Singing is the act of producing musical sounds with the voice. Air is expelled with the diaphragm as with ordinary breathing, and the pitch is altered with the vocal cords. With the lips closed, this is called humming. A piece of music that is sung is called a song; someone who sings is called a singer.

Most singing involves shaping the mouth to form words, but types of mouth music which use open sounds or nonsense syllables ("vocables") also exist, for instance scat singing or yodeling. Solfege assigns certain syllables to notes in the scale.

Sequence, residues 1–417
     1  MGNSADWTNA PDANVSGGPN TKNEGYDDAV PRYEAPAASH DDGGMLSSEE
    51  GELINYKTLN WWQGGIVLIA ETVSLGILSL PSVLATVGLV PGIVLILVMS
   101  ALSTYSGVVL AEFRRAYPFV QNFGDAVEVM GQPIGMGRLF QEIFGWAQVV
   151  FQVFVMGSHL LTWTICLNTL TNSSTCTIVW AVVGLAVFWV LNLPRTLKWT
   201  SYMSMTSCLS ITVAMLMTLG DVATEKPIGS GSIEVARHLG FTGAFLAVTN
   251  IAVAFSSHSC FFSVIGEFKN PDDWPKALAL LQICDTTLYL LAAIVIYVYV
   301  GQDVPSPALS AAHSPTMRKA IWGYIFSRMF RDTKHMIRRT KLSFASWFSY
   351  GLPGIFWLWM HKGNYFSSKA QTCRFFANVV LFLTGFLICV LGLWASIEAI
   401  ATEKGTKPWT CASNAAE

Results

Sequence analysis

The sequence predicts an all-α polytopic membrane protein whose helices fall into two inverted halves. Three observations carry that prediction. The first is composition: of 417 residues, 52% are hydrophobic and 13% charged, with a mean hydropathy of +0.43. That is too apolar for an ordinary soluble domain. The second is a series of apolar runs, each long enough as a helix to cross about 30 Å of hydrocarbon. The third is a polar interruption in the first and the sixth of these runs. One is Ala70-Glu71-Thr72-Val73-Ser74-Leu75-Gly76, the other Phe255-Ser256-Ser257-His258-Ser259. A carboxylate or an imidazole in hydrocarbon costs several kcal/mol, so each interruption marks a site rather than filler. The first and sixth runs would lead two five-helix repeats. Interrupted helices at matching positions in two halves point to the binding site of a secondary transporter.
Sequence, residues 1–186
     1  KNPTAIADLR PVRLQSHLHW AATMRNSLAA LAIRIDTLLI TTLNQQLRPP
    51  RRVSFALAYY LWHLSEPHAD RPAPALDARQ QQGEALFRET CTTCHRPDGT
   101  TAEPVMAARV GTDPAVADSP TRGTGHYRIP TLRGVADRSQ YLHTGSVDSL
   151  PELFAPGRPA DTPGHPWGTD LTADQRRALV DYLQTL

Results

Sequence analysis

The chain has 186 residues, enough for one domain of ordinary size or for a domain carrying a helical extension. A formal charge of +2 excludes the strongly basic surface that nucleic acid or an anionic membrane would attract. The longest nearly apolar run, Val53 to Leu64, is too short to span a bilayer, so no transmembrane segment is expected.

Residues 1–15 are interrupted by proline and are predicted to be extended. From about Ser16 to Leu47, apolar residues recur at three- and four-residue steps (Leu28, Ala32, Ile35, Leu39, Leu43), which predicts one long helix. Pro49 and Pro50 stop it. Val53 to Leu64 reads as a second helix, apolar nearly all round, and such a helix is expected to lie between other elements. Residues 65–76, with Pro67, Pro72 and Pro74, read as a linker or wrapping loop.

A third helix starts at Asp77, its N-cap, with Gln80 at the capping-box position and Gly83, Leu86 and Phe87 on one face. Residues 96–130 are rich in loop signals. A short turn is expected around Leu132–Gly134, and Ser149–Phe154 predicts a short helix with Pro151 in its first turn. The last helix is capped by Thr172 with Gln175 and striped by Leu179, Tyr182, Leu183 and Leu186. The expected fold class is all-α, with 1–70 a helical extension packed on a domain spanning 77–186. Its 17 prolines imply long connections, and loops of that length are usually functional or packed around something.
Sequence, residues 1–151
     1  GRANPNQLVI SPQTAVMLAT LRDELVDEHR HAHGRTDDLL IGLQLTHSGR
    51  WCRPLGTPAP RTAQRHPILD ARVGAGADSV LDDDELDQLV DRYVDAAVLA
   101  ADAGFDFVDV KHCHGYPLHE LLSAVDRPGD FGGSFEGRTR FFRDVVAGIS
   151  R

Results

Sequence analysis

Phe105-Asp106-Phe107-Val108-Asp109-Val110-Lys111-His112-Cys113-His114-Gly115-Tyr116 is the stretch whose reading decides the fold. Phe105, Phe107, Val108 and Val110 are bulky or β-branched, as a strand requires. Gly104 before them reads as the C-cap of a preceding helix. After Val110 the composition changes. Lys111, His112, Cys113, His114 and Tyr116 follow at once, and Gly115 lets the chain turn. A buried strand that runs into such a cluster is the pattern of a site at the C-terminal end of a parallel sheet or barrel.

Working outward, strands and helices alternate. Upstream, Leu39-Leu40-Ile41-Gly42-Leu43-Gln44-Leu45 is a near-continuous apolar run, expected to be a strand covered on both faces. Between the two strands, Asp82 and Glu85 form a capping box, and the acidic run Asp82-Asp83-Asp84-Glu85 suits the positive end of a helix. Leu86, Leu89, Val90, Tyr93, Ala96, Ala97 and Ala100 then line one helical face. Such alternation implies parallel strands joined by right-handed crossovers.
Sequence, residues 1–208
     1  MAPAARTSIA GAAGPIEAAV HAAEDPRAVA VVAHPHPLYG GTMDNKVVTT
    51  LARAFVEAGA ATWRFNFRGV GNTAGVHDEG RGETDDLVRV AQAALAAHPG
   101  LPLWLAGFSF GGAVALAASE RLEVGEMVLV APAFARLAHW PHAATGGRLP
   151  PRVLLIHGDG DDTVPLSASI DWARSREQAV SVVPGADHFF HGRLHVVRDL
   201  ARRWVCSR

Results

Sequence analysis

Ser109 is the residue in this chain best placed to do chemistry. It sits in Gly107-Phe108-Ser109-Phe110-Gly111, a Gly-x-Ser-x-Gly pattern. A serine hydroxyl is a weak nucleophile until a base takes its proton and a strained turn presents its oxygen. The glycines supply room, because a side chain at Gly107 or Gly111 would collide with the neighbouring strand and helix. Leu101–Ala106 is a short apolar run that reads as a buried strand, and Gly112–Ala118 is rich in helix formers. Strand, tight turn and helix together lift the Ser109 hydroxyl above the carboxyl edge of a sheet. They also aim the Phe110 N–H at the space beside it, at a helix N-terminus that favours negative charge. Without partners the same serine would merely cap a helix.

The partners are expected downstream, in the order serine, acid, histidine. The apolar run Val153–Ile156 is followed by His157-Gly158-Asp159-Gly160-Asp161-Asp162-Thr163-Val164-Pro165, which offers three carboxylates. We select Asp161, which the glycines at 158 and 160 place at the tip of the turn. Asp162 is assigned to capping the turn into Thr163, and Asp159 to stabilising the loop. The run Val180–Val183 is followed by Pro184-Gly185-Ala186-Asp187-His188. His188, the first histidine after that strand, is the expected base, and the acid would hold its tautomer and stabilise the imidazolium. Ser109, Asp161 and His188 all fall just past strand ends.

Singing can be heard in many different places, since anyone who can speak can sing. It can be informal and just for pleasure (for example in the shower), or very formal, such as singing done professionally in a performance or in a recording studio.

Singing is often done in a group, such as a choir, and may be accompanied by musical instruments, a full orchestra, or a band.

Singing with no instrumental accompaniment is called a capella. However, the Choral Journal and other vocal-related publications actively discouage the use of this term and prefer the word "unaccompanied".